Navy Supply:

Questionable Decisions Increased Initial Spares Costs for AV-8B Aircraft

NSIAD-89-103: Published: Mar 2, 1989. Publicly Released: Mar 2, 1989.

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Martin M. Ferber
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In response to a congressional request, GAO reviewed the Navy's initial provisioning policies and practices for the AV-8B aircraft program, focusing on whether the Navy: (1) complied with Department of Defense (DOD) guidelines for ordering the aircraft's initial spare parts; and (2) purchased the amount of aviation materials that it required.

GAO found that: (1) the Navy spent about $203,000 for parts the aircraft would not require during initial service; (2) the Navy's Aviation Supply Office (ASO) failed to follow DOD directives regarding comparative analysis when it placed initial orders for aircraft spare parts; (3) although the ASO mathematical approach followed the DOD guidelines, it authorized purchases for all types of spare parts without considering the outcome of its requirements calculations; (4) ASO had spare parts in excess of its current needs because of its minimum-buy policy, its failure to consider prior orders, and its adherence to contractor-imposed minimum order requirements; and (5) ASO lacked internal control mechanisms to correct inadvertent errors or omissions and contract processing problems.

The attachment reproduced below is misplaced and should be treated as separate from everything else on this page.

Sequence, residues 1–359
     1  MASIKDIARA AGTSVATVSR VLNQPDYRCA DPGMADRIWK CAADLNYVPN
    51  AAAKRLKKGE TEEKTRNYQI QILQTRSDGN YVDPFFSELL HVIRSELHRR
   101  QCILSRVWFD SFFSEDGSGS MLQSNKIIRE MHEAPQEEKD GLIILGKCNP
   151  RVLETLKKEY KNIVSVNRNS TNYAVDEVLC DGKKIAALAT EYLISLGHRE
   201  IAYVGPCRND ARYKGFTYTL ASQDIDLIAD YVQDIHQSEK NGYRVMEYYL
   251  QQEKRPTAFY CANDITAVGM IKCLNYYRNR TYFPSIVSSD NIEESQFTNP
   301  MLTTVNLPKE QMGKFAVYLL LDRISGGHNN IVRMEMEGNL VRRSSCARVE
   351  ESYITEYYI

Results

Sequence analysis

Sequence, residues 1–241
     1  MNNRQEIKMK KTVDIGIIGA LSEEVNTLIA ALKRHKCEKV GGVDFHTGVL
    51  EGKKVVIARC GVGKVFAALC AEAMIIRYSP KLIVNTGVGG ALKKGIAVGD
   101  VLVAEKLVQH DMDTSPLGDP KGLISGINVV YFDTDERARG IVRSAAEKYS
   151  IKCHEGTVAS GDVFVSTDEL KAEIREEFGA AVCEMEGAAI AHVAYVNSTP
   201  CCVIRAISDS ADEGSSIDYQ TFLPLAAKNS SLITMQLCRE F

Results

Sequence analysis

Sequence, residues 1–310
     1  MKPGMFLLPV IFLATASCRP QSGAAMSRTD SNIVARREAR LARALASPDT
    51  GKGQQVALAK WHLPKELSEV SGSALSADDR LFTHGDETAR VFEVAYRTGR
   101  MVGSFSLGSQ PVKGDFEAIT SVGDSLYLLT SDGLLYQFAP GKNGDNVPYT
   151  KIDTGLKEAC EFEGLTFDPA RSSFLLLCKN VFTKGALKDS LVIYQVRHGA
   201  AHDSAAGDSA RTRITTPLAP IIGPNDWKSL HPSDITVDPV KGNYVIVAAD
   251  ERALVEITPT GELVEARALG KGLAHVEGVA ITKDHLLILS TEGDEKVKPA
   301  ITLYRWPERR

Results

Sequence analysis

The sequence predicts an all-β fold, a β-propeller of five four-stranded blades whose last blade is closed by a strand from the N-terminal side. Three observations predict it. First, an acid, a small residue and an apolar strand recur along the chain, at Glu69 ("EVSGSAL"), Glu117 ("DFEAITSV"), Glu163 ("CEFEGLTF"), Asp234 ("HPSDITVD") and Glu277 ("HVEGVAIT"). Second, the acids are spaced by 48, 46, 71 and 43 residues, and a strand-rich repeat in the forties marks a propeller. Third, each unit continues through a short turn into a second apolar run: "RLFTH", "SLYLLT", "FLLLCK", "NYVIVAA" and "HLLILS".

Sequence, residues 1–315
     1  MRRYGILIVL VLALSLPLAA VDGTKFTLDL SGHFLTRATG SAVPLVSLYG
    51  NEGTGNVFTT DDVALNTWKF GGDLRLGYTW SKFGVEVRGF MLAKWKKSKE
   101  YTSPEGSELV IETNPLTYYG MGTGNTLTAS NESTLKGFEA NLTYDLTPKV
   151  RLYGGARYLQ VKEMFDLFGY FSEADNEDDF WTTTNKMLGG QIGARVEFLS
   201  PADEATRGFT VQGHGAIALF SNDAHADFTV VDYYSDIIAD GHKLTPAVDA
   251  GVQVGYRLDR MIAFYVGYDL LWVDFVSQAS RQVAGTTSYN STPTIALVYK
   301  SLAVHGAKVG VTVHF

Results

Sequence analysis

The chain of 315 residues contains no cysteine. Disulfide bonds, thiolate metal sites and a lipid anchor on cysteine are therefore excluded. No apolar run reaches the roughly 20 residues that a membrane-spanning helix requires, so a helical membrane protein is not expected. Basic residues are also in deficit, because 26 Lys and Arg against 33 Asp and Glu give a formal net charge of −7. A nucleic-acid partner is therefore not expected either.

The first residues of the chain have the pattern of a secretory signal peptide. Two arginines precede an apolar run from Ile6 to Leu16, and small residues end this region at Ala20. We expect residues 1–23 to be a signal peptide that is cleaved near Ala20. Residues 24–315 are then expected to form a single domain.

Recommendation for Executive Action

  1. Status: Closed - Implemented

    Comments: Navy resystemization is being developed to modernize computer programs at inventory control points in four phases extending until October 1994. The recommended actions will be incorporated as the automated capabilities evolve.

    Recommendation: The Secretary of the Navy should direct the Commander, Naval Supply Systems Command, to ensure that ASO and other supply organizations comply with the DOD policy on minimizing initial provisioning costs. Specifically, the Commander should take steps to ensure that: (1) appropriate mechanisms are established to assure upper-level management that policies are being followed or, if not, why not; (2) only the number of spares calculated as needed by the requirements formula are ordered unless it can be shown that special circumstances justify larger quantities; (3) spares already on hand and on order are considered in determining current order quantities; (4) efforts are made to reduce or eliminate contractor minimum order requirements to the extent possible; and (5) consideration is given to whether an item is essential to the mission capability of a weapon system prior to ordering currently needed spare parts.

    Agency Affected: Department of Defense: Department of the Navy


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